I would say there was one I did prior to that, when I wanted to get into wedding photography, my mentor advised me to do a wedding photography for free so I met with someone whom I asked if I could shoot his wedding and he agreed. They asked me how much I was going to charge and I told them I wanted to do it for free. We did it and it was good.

What do you think is the most important skill for a photographer?

For me you have to have the eye for arts, that is you must be able to see it from a perspective others aren’t seeing it from. You could ask different photographers to take a picture of a particular thing and they will all come out with something different. You must also have a voice, someone must be able to see your work and know that it is you. Like there is a photographer whose pictures are dreamy, his name is Asiko and he is someone I admire his work so much. I will say your work should always speak for itself.

With a lot of photographers coming into the scene, what will you say is the unique edge for Duduguy photography?

Well, I will say we are a very stylish company, we were able to stand out initially before other photographers started coming up. We focus more on style, class and on emotions. I will say the edge we have over other photographers is that we always relate with our clients, we aren’t just there to do business, we try to build relationships, we are more vast.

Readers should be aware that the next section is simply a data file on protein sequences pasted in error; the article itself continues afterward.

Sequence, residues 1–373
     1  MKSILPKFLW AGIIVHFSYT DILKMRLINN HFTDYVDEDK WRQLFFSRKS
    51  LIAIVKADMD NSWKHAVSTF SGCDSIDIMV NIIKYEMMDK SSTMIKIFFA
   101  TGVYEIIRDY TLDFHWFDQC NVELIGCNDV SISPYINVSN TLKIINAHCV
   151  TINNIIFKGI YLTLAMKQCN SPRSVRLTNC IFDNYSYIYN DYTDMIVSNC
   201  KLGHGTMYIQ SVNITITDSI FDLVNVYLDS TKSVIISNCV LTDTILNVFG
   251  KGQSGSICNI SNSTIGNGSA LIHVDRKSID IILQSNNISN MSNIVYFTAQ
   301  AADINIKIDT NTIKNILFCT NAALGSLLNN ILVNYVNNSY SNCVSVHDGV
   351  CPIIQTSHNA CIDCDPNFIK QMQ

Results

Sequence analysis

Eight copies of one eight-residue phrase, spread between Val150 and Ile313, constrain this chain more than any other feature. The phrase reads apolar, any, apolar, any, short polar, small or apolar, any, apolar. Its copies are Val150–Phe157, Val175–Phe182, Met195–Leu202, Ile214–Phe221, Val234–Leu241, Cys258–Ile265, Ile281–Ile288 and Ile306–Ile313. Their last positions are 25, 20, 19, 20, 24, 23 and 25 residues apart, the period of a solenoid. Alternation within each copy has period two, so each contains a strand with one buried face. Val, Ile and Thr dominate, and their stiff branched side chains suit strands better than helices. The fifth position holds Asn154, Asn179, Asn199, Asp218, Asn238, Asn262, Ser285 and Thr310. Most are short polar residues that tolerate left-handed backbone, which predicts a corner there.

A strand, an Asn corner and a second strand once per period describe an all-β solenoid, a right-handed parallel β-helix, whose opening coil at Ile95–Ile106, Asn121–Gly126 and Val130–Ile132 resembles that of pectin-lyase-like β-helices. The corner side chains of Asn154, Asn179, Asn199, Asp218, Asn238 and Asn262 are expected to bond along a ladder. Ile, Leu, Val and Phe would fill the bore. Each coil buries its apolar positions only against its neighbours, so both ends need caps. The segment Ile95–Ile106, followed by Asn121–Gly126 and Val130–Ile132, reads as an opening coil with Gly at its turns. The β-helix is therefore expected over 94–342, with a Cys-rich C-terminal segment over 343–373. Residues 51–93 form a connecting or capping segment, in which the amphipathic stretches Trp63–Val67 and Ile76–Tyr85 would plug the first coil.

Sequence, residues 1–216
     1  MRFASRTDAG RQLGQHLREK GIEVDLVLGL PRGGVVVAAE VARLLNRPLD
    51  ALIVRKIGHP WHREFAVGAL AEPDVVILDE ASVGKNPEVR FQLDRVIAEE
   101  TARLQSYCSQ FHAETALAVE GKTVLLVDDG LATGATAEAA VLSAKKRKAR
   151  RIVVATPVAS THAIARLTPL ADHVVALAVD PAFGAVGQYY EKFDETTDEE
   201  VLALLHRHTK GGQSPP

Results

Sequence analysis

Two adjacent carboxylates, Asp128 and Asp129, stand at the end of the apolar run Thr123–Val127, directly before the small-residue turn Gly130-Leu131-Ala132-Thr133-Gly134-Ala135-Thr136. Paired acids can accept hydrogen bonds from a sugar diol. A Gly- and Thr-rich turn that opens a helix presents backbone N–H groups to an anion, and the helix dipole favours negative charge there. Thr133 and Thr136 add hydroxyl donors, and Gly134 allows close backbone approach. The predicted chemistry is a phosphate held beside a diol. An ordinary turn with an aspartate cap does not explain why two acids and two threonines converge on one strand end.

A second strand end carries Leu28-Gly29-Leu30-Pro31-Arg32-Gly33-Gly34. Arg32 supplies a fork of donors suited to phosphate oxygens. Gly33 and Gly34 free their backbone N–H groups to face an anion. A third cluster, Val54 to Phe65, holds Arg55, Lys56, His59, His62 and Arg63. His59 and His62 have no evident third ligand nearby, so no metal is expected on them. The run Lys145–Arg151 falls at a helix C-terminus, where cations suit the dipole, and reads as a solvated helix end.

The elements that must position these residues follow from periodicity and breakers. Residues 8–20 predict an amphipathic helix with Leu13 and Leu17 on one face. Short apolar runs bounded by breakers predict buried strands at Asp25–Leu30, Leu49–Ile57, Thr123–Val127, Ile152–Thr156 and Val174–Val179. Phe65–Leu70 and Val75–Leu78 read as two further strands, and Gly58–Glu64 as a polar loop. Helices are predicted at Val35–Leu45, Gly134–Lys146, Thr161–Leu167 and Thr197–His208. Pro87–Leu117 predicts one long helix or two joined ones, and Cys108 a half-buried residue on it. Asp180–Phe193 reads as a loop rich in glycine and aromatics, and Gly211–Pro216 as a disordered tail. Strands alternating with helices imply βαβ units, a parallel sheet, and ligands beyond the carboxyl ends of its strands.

How much is required to go into professional photography?

I can’t tell you how much is required precisely, but I will say it is not easy to set up professionally because there are a lot of things required. It is not a one day thing, for me I have been able to do this overtime.

What challenges did you face initially when you started?

People didn’t really take us seriously, they felt it’s just like every other photography. Some people within the industry have this scepticism about wedding photographers forgetting that a wedding photographer is someone who can do just almost any other kind of photography. It is built over time, you have to be resilient and you must be able to take risks. A wedding photographer is the one that works hardest out of the others. I do fashion and I also do architectural photography but when it comes to wedding, I know the length of time I put in.

Another challenge we face is that clients don’t really know the level of work that goes into it so they want their work back as soon as possible, they don’t know we have to work on it over time. It is not just photos, we think before taking the pictures, developing it also takes a lot of time.

Coming to the photography industry in Nigeria, what challenges will you say this industry face?